Posttraumatic stress disorder is the
pathological replay of emotional memory formed in response to painful, life-threatening, or
horrifying events. In contrast, depression is often precipitated by more social context-related
stressors. New data suggest that different types of life experiences can differentially impact
biochemistry, physiology, anatomy, and behavior at the level of changes in gene expression.
Repeated separation of neonatal rat pups from their mother results in many long-lasting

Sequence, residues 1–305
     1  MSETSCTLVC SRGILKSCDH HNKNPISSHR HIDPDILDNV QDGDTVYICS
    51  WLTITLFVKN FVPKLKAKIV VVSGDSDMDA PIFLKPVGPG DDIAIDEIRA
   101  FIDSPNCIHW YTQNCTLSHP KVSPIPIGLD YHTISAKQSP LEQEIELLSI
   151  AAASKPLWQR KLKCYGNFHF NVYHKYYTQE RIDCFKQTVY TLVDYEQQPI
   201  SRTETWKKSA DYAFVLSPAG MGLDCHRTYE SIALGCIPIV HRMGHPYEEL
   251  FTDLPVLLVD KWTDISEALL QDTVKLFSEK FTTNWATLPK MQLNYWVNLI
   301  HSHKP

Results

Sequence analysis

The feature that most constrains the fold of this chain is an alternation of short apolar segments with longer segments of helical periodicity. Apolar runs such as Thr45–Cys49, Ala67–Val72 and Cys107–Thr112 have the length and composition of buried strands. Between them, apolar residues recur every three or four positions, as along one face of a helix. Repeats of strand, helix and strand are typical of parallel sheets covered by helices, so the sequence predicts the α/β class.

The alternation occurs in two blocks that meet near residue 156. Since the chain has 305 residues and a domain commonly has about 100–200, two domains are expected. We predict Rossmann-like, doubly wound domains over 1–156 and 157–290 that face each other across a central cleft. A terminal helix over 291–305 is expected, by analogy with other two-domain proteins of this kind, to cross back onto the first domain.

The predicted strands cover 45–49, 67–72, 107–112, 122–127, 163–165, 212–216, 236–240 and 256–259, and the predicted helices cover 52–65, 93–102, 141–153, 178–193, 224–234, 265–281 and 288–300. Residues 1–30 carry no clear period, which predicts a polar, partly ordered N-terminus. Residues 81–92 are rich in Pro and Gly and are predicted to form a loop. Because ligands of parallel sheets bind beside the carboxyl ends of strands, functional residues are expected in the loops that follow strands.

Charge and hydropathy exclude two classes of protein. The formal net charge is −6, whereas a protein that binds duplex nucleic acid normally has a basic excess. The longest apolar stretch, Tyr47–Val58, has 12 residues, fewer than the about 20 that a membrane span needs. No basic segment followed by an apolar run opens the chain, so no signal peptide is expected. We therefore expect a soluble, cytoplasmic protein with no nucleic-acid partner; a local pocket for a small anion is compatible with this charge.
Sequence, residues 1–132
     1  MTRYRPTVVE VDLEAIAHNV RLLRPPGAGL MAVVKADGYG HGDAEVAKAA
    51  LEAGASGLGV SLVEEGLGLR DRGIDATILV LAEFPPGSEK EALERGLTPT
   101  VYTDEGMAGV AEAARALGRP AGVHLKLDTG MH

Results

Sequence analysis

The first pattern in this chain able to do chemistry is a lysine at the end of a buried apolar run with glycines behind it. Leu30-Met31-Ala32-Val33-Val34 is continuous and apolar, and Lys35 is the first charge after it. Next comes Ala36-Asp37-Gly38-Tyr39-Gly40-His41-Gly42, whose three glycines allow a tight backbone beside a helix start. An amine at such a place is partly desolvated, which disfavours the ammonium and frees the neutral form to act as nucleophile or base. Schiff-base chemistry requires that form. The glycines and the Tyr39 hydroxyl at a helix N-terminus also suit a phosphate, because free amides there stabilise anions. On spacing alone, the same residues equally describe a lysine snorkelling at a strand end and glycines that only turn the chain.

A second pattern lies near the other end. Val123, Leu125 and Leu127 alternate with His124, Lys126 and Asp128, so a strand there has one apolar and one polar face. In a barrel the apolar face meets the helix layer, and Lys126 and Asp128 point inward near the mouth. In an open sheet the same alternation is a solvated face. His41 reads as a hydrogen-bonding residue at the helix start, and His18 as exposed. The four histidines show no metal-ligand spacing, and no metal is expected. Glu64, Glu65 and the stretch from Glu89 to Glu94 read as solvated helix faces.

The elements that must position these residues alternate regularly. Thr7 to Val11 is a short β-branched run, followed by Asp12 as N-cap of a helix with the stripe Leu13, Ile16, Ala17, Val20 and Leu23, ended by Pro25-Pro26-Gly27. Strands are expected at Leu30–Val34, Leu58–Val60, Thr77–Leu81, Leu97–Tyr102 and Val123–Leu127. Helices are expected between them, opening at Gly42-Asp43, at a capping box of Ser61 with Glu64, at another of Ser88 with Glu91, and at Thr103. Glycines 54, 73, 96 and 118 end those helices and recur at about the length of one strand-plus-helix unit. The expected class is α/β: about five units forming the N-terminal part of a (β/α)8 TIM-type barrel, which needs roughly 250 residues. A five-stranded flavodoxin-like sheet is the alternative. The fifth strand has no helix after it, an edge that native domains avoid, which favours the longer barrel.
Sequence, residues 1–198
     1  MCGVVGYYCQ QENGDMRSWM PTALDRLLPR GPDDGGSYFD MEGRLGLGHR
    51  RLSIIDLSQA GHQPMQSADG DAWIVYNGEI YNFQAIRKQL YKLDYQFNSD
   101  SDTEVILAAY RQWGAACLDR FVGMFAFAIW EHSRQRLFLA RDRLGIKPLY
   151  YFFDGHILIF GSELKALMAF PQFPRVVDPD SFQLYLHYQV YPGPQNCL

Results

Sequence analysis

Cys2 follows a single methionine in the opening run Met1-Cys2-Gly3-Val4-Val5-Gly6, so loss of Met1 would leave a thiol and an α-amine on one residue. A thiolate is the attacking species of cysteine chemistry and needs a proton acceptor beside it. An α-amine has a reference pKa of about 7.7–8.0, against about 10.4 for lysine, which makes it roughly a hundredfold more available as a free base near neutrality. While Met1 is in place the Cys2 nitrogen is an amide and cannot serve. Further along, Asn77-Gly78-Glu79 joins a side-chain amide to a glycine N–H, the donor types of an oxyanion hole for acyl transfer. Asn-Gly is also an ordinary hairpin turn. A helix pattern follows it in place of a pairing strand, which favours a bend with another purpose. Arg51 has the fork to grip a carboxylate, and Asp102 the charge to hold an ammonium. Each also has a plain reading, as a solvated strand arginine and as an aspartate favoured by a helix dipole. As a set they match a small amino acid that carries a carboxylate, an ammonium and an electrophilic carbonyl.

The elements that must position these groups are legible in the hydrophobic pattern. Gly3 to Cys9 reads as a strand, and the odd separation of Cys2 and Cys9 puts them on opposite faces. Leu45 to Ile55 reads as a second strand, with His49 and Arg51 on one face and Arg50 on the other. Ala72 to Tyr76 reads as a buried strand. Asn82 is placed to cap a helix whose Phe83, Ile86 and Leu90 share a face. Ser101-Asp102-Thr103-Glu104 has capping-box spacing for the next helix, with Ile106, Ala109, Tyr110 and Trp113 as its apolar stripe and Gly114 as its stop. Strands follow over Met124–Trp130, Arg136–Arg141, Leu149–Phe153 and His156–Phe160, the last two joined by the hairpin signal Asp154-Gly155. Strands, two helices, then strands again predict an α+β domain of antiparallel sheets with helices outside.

alterations in biology and behavior paralleling that in depression, including hypercortisolism.
The role of the amygdala in modulating emotional memory is highlighted, as well as some of its
unique properties such as metaplasticity (i.e., the differential direction of long-term adaptation,
either potentiation or depression) in response to the same input as a function of the prior history
of stimulation. The implications of these emerging data on the physiological and molecular
mechanisms underlying emotional memory emphasize the particular importance of prevention
and early intervention.